As for the third predetermined voltage V3, a large absolute value is preferred from the sole viewpoint of operable range for the display panel 21. A high absolute value, however, requires a high voltage withstanding capability for the switching transistors 61 to 63. As a result, the absolute value is preferably about 100 volts when the switching circuit 50 is to be realized by a hybrid integrated circuit. When the switching circuit 50 is realized by an MOS integrated circuit, the absolute value should be lower than the voltage which the integrated circuit withstands.
A typical example of the pulse generator 30 for generating the pulse sequence "A" comprises a primary winding 31 of 18 turns, a secondary winding 32 of 150 turns, a third winding 33 of 4 turns, a transformer core having an induction coefficient AL of 350, a resistor 36 of 3.3 × 103 ohms, a capacitor 37 of 1 × 104 pF, and a transistor 38 of the type 2SD288 manufactured and sold by Nippon Electric Co., Ltd., Tokyo, Japan. The unnumbered resistor connected between the third winding 33 and capacitor 37 is 100 ohms. The frequency of the pulses A produced by the typical pulse generator 30 is 150 kHz, which is preferred to several kilohertz mentioned hereinabove in conjunction with production of the pulses "A".
Referring now to FIG. 4, a circuit according to a second embodiment of this invention is adapted for connection to an external electrode gas discharge display panel 21, a d.c. source 25, a buffer memory 26, and a digital decoder 27 as was the case for the driver circuit according to the first embodiment. The driving circuit of FIG. 4 comprises elements similar to those designated by like reference numerals as in FIG. 2. In addition, the pulse producing circuit of FIG. 4 comprises a detection or blanking circuit 70 connected to at least one of the driver 40 (as shown) and the switching circuit 50 (in comparable logic gate fashion for the state-sensing gate diodes) for suspending production of the pulse sequence "A" when that one of the driver 40 and switching circuit 50 supplies none of the pulses "A" and the predetermined positive or negative components to the first electrodes and none of the third predetermined voltage V3 and the reference potential to the second electrodes, to which the detection circuit 70 is connected.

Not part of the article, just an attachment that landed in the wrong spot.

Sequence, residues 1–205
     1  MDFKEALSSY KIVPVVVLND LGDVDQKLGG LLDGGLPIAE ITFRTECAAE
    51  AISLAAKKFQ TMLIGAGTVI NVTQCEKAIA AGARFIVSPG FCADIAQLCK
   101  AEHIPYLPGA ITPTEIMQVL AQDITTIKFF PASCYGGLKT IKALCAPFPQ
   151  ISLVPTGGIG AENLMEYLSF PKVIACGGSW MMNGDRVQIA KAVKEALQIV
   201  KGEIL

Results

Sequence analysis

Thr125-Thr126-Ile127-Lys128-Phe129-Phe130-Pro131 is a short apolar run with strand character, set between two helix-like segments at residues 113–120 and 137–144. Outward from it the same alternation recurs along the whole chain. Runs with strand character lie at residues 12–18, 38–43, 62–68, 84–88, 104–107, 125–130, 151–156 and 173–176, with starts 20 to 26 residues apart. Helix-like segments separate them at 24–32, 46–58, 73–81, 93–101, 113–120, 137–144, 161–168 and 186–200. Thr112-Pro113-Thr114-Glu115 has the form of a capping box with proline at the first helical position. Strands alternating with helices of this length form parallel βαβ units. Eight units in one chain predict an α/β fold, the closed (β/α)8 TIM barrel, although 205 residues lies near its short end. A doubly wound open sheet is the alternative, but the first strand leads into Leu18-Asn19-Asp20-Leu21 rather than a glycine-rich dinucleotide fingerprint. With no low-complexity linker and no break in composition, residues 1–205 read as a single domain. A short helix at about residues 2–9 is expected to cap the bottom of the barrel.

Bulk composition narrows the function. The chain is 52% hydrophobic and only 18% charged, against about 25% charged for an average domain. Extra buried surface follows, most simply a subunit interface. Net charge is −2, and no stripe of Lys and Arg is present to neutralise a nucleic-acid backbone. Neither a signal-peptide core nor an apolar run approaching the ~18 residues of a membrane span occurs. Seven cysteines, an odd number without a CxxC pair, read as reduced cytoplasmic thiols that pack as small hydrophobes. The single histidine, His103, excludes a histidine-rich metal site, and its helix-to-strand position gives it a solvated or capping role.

Further referring to FIG. 4, it is preferred for a circuit according to the second embodiment that the display panel 21 comprises at least one predetermined first or second electrode that is always selected when the display panel 21 is put in its displaying operation and kept in the selected state either continuously or intermittently so long as the display panel 21 gives a desired display. When included in the first electrodes, the additional electrode 20 illustrated with reference to FIG. 1 satisfies the condition. Although the electrodes selected in a time shared fashion are always selected in a cyclic manner as long as the display panel 21 is maintained in the displaying operation, any predetermined one thereof is not held in the sense mentioned above even in the intermittently selected state because others thereof are also selected in the interim. In this connection, it should be understood that the driver 40 and switching circuit 50 of a circuit according to this invention comprise a plurality of on-off means and a plurality of switching means at least one each of which selects the at least one predetermined electrode and at least one opposing electrode to supply the selected electrodes with the pulses "A" and the reference potential, respectively. The detection circuit 70 is connected in the driver 40 or switching circuit 50 to the at least one of the on-off or switching means.